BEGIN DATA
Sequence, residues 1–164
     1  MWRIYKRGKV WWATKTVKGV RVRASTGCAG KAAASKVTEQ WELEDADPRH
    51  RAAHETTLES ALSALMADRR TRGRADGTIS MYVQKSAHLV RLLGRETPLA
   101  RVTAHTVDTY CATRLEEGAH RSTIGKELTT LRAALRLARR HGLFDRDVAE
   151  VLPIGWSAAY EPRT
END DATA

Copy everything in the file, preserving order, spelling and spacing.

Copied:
Sequence, residues 1–164
     1  MWRIYKRGKV WWATKTVKGV RVRASTGCAG KAAASKVTEQ WELEDADPRH
    51  RAAHETTLES ALSALMADRR TRGRADGTIS MYVQKSAHLV RLLGRETPLA
   101  RVTAHTVDTY CATRLEEGAH RSTIGKELTT LRAALRLARR HGLFDRDVAE
   151  VLPIGWSAAY EPRT